Fighting to Vote.

As I write this, it is the eve of the 2015 General Election here in the UK. 

I can’t say I’m a fan of politics, I know I’m not alone, I hate watching the mainstream media working themselves up into a frenzy like an over excited lover hanging on until they just can’t bare it anymore, shouting things, in the heat of the moment, we all know they’ll regret in the morning.  Last night I heard a reporter say: 

“This election is turning into Game of Thrones.. Except without the naughty bits”

All gets a bit desperate and ridiculous,  but we knew that.

Most of you are probably glad that the build up is dying down, all we have to do tomorrow is turn up at the polls put that cross in a box and go about the rest of our lives for the next five years, we’ve even earned the right to moan about the state of the country. For me though voting is always a little bit stressful, it’s up there with going to my inaccessible dentist. 

The polling booths are claustrophobic the tabes are always too high,  making me feel like a toddler and frankly a general short arse, the booth walls are too narrow, making me very aware of my balance, or lack of it, and then of course there’s the pen, on a string that is far too short, when you consider the table is not designed for a disabled person, and because of this I can’t see the ballot paper, always very nearly, but never intentionally spoiling my vote.

When I voted for the first time, I can remember feeling very grown up and excited about being given the opportunity to vote. I went with my Mum and Dad and can remember asking exactly what I’d have to do.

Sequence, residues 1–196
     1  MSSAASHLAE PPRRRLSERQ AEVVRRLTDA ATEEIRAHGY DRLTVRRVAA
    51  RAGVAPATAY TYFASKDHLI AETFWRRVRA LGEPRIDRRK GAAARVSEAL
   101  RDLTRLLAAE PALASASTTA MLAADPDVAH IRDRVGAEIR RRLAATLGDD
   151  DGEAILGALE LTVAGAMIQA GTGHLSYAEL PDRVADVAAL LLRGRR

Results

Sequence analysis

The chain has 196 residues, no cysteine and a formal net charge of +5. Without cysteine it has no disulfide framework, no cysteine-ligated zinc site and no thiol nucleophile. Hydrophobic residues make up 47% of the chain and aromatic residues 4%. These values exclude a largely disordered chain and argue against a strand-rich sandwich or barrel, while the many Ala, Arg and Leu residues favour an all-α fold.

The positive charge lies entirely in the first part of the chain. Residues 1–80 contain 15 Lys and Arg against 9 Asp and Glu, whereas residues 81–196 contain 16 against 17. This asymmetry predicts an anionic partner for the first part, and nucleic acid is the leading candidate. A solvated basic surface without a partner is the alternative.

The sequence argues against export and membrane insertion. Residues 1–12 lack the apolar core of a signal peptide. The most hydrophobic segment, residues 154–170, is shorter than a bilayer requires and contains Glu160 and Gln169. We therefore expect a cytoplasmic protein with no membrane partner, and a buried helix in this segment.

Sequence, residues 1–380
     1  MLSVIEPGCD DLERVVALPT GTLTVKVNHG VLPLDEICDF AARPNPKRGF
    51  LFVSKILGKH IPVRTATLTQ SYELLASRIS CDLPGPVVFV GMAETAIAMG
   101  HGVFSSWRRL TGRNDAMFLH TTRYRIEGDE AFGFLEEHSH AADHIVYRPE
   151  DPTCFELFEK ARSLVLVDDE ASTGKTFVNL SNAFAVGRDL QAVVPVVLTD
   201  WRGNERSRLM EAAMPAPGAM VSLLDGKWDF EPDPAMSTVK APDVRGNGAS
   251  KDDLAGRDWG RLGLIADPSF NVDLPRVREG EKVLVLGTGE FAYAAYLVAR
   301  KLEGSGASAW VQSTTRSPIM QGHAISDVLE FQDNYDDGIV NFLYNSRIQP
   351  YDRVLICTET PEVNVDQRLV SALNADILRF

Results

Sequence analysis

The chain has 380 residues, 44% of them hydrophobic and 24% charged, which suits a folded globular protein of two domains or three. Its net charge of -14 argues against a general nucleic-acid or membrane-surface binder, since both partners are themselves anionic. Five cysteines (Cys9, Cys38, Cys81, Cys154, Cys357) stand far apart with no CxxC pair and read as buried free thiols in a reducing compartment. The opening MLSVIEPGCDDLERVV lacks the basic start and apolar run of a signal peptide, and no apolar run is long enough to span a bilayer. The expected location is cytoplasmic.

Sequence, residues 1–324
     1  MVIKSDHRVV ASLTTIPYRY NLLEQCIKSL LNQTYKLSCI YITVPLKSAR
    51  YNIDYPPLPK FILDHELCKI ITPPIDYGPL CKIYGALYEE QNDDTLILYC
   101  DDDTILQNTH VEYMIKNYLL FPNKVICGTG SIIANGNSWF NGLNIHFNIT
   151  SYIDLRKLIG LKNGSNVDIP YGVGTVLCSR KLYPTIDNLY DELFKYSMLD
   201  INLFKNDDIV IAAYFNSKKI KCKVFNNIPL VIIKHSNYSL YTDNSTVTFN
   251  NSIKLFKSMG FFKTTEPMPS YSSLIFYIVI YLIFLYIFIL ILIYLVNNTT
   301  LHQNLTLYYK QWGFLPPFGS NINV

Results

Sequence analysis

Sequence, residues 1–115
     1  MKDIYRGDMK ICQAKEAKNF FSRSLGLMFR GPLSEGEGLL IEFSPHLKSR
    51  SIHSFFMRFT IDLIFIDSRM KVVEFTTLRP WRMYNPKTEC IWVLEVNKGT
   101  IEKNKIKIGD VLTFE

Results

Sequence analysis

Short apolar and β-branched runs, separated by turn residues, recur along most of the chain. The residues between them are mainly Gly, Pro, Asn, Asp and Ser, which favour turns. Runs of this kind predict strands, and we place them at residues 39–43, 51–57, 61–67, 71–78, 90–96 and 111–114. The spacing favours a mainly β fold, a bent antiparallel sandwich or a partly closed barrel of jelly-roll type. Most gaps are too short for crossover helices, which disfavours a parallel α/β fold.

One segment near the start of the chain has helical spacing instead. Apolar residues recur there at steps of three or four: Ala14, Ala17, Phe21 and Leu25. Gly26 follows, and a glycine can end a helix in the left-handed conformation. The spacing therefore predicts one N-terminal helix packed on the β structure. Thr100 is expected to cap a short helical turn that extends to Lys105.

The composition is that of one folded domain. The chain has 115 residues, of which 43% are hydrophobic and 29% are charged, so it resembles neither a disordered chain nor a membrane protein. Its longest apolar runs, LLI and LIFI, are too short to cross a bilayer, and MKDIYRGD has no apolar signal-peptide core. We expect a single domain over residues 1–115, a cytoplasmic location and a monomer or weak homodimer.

I queued up gave my name and address and was handed my ballot paper by a very grumpy man. Already my lust to vote was waining already..

All of the booths had a chair in them, and my first thought was ‘who the hell needs to contimplate who they need to vote for, for SO long they need a sit down?’…

Anyway, I rolled my chair under the table that I can only assume was built for a giant, paying disregard to the plastic chair lovingly placed underneath. As my feet barged the chair, it made the most horrific noise as it rumbled across the floor of the primay schools sports hall. 

This was accompanied by a chorus of of shushes and tuts. I turned around, and very britishly whispered an apology several times over.

I was, at this point in the booth, I realised that the pen was on a string, which, for reasons I’m still not all together clear on, Is on a string. But the table is too high. I tried to mark my paper but couldn’t quite reach. I needed someone to loosen the string on the pen. So I did what I always do when I am confused, and shouted a Parent.

Mum came to the rescue and stood behind me to see what the problem was, followed by the grumpy electoral supervisor who demanded to know what my mother was doing, trying to spoil my paper. She wasn’t. I promptly told the man I was finding it a very stressful experience.

I did manage to vote in the end and despite not being overly keen on politics, I do realise it’s every important. I’m no Russell Brand.

But voting when your disabled makes it feel like your left fighting to vote.

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